Washington, December 3 : A new study has shown that empty nest, a feeling of loneliness that may hit parents sitting at home, may have beneficial effects on their marriage.
University of California, Berkeley psychologists Sara M. Gorchoff, Oliver P. John and Ravenna Helson came to this conclusion after studying the marital satisfaction of a group of women over 18 years, from the time they were in their 40s to when they were in their early 60s.
Writing about their findings in the journal of the Association for Psychological Science, they said that marital satisfaction increased as the women got older.
They also observed that marital satisfaction increased for women who stayed with the same partners, and for those who remarried.
The team were surprised to find that women who had made the transition to an empty nest increased more in marital satisfaction than women who still had children at home.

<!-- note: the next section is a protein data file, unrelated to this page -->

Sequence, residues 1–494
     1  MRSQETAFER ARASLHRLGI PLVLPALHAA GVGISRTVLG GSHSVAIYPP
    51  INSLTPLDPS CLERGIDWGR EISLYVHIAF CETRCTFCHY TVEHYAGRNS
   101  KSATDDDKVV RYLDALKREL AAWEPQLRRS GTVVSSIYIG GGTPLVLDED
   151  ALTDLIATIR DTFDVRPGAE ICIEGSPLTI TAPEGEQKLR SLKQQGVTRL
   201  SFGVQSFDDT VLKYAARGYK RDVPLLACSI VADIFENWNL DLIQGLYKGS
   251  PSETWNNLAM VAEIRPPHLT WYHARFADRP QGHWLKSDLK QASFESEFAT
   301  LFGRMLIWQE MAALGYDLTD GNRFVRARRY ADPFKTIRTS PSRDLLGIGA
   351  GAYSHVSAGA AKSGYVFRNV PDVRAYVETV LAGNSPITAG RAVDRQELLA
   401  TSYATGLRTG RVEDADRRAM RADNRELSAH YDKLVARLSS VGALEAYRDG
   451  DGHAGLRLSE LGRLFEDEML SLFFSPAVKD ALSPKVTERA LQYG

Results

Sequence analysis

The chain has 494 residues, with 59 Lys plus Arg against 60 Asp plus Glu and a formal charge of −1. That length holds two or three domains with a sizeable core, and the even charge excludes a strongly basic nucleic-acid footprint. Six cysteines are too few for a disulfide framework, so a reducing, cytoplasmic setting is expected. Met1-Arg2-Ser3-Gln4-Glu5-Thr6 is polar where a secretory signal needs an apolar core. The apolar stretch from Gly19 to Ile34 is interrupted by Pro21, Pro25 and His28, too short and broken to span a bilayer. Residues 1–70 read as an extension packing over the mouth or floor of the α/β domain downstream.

The researchers also found that an empty nest did not increase levels of marital satisfaction simply because the parents had more time to spend with each other. They instead said that women whose children had left home enjoyed their time with their partners more compared to women whose children were still at home.
According to them, it was an increase in the quality, not the quantity, of time spent together once children moved out that led to increases in marital satisfaction.
Gorchoff cautions that the new findings should not be taken to suggest that all children should be sent away to boarding school for the sake of their parents' marriage.
She instead says that "this research does suggest that women should not wait until their children leave home to schedule enjoyable time with their partners."